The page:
Although an FDA advisory panel voted 20-3 Friday to recommend against allowing Merck to sell over-the-counter (OTC) Mevacor, a cholesterol-lowering statin drug, Bristol-Myers Squibb is seeking approval of a 20-milligram OTC version of Pravachol. "We are continuing a robust program to provide the FDA with the information it needs," company spokesman Rob Hutchison says. "Our own studies are underway."  Panel members said Merck’s "actual use" study, which simulated pharmacies selling OTC Mevacor, failed to show that consumers could properly decide on their own whether to take the statin.

Nearly six out of 10 study participants who used OTC Mevacor still ended up consulting a doctor. And even so, nine out of 10 failed to meet at least one of the criteria set forth on the drug’s label.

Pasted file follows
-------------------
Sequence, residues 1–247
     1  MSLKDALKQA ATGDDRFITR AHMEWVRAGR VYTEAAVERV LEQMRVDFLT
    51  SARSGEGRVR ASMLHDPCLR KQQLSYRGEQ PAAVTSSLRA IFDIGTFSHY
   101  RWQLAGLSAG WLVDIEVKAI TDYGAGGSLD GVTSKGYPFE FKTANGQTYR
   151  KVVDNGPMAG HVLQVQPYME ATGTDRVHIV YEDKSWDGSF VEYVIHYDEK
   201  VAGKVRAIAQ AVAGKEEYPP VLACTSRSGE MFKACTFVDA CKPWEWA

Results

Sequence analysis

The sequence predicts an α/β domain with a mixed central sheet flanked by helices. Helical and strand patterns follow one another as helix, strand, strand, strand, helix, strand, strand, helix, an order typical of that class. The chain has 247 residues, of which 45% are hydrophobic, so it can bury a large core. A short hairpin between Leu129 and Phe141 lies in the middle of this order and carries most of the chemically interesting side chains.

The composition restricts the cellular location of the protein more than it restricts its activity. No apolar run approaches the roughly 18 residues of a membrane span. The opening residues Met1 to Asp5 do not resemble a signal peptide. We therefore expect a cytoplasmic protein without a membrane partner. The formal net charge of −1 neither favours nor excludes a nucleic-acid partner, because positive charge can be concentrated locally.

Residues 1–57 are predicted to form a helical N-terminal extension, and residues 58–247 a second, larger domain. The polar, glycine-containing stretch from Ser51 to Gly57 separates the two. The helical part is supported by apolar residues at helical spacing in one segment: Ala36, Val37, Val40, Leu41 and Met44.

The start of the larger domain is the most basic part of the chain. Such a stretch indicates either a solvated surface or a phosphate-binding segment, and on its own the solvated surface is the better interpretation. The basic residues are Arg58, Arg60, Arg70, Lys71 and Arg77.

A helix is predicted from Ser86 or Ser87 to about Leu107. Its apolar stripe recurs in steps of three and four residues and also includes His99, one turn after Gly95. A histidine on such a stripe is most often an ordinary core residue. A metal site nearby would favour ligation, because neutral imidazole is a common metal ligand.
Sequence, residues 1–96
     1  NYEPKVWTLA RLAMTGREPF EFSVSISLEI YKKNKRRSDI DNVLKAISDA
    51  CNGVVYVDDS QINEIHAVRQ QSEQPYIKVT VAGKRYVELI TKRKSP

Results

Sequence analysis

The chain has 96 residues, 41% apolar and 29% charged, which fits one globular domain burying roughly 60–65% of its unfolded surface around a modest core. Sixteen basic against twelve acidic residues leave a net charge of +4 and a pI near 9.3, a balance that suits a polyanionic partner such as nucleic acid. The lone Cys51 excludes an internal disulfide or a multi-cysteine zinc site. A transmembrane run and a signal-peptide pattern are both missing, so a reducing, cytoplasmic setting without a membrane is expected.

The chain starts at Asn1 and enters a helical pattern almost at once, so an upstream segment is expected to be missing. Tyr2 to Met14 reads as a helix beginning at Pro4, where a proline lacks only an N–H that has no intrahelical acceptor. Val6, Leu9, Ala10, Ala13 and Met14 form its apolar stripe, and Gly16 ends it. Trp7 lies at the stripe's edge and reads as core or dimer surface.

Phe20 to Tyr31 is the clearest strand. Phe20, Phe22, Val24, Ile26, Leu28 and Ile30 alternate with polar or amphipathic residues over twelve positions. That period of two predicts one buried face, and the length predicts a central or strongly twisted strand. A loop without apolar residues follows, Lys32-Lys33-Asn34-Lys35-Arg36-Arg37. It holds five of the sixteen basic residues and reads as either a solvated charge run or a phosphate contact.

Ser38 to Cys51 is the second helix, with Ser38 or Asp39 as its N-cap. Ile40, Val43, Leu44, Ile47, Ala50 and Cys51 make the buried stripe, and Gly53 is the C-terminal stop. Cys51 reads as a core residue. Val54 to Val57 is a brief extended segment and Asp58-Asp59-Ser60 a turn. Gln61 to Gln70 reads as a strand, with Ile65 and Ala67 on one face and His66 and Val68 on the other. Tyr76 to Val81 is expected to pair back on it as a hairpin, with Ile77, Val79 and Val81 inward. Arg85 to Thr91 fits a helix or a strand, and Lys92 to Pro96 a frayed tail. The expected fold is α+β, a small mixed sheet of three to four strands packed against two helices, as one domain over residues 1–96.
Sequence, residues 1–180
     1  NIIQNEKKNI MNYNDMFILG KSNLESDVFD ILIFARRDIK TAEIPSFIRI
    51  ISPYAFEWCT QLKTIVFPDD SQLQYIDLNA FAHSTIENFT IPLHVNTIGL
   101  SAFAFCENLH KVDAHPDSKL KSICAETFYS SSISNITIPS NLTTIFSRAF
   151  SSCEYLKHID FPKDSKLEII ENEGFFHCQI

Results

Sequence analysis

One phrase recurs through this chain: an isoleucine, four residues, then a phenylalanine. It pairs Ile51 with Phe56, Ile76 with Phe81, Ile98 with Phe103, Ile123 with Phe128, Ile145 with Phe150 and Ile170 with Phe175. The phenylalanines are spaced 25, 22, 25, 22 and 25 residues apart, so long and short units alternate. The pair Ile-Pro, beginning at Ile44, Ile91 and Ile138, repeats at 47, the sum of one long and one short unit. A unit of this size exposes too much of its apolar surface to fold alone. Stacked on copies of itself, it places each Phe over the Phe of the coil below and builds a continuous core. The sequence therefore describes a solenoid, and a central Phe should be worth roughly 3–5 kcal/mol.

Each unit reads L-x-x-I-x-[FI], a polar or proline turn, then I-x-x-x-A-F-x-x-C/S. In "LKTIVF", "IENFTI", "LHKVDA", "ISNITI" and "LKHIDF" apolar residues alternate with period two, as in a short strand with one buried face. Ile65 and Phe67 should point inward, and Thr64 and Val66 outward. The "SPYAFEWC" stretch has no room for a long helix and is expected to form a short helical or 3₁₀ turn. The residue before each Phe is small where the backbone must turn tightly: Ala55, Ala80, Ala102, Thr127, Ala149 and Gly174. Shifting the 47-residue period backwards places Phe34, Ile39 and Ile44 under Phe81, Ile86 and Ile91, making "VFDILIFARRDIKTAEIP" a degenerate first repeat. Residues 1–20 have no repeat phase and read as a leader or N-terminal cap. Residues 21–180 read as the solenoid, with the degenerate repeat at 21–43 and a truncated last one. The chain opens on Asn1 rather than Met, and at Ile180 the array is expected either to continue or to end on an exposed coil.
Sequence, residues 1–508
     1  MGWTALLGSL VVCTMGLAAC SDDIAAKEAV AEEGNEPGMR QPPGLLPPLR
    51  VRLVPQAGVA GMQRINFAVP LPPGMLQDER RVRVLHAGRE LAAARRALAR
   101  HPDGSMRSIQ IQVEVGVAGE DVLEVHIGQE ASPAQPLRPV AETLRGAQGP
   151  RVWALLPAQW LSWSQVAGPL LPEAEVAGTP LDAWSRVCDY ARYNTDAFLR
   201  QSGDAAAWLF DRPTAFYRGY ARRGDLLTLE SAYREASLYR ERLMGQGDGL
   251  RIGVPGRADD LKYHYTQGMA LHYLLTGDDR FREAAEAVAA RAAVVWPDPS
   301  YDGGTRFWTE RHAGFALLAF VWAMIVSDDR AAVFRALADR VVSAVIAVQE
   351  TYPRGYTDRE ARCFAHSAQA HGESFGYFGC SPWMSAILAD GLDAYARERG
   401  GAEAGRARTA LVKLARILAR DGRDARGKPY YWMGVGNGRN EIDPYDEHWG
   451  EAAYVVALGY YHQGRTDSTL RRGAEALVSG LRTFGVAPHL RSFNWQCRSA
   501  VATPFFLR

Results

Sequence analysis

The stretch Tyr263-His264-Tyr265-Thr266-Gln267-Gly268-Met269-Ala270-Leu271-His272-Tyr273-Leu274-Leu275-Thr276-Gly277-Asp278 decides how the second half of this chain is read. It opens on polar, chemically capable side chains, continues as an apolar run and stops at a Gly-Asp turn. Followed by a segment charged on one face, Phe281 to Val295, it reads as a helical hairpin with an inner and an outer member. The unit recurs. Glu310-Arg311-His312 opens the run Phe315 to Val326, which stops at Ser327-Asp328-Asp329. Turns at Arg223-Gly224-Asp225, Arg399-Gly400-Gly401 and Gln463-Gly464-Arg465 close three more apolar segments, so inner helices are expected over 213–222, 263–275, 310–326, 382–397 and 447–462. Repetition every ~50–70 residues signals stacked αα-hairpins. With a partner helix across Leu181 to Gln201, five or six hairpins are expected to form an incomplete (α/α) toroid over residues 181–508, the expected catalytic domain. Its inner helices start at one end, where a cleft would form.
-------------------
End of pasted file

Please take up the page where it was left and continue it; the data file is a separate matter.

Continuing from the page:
By switching a drug to OTC status, manufacturers hope to boost sagging sales resulting from generic competition. When a drug is switched, its manufacturer gets exclusive rights to sell it OTC for three years. Prescription Mevacor already is off patent, so it faces competition from generic lovastatin. Pravachol’s patent expires in April 2006.  OTC Mevacor would have been the first non-prescription drug to treat a symptomless chronic condition.  The FDA has until Feb. 24 to reach a decision about OTC Mevacor.

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